We should note the echoes that we find here of the truth of the particularity of the Atonement. Christ is going out of His way to insist that there are sheep that hear His voice and follow Him and sheep who do not hear His voice and do not follow Him (cmp. 26-27). Further, the Lord Christ says here that He lays down His life for those sheep who know Him (10:15). This pushes us to observe that the death of Christ was particular only to those Sheep that have belonged to the Shepherd from all eternity. Christ did not die for those who were not, nor ever were, nor ever would be His Sheep.
To insist that the Lord Christ died for those who were not His sheep, and never would be His Sheep would be to insist that the death of Christ failed in its intent, and in its design to protect His sheep. It is to insist that God had an intent and design that failed. But if God had an intent and design that failed then that would require someone or something that caused God to fail in His intent and design. Whatever or whoever caused God’s intent and design to fail then would at that point be greater than God and so God would be no God. The good Shepherd who lays down His life for the Sheep gathers only the Sheep that for whom He died.
What else might we say here concerning Sheep and Shepherd?
Well, He knows his own (and loves them, 13:1). And they know him (10:14) ( see also 10:4). This is a statement that was put on display by the man born blind who at the end embraces Christ (9:38). This reciprocal knowing is placed in parallel with the knowing intimacy between the Father and the Son (15). What is being communicated is that just as there is this harmony of interpersonal knowing between the Father and the Son so there is a interpersonal harmony of knowing between the Sheep and the Shepherd.
Of course this knowing here, though never less then a mental understanding, is more then that. This knowing implies a fondness and a relational standing. I might say “I know my accountant.” This is more of a mental understanding. I can also say “I know my Son.” In that knowing there is more then mental understanding. In God’s knowing of us there is a intimate knowing that includes a commitment of Redemption, and the preserving of us on His part.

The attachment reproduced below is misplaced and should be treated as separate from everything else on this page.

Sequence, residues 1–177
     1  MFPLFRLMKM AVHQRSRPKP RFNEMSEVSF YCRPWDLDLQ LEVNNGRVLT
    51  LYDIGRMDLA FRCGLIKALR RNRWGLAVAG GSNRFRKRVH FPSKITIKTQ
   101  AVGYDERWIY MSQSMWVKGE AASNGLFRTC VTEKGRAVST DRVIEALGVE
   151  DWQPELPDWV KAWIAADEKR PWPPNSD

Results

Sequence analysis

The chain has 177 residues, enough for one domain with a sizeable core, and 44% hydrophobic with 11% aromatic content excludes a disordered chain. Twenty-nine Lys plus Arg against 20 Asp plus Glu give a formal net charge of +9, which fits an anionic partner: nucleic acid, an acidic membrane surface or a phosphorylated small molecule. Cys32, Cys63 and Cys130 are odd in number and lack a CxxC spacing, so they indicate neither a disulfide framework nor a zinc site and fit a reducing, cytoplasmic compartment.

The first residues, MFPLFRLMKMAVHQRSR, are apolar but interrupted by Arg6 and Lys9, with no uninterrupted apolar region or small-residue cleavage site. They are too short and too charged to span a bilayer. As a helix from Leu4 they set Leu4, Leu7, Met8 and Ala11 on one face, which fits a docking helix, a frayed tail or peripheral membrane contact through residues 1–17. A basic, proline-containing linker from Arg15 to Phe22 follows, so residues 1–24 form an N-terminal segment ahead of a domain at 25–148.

Now, don’t miss here an important fact. If the sheep know the Shepherd and if the Shepherd knows the Father then by necessity the Sheep know the Father. Here is the great truth that the only way to know the Father is through the Son. There is no knowing God naked. If God is to be known by the believer it is only as mediated by Christ. The knowing of the Father is only done by the knowing of the Shepherd.
Considering the other sheep of 10:16
Not of this fold — This fold doubtless refers to the fold of Israel.
What is being communicated here is the intent of the Gospel to go to the Nations.
They will hear my voice — Irresistible Grace
One Flock …. One Shepherd —
Unity and diversity here.
The diversity is found in the reality that the sheep who are to be gathered in the future are from other folds. There are distinctions between folds. Israel and the Nations are distinct.
The unity is found in the fact that these diverse folds will form one flock with one Shepherd.
The way I read this unity in diversity is that in the flock of Christ (Unity) will be many folds comprised of different nations (Diversity). There will be a Spiritual Unity comprised of Nations that are diverse by God’s creative work. The One and the Many is thus satisfied and we avoid both a Unity that gives a amalgamated Unitarianism and a diversity that would yield the war of all against all.
There is thus a Missionary impulse here. We are to be aware that the Gospel is to go to the Nations. Woe be to the person who suggests that Christ is not available for some people or nation.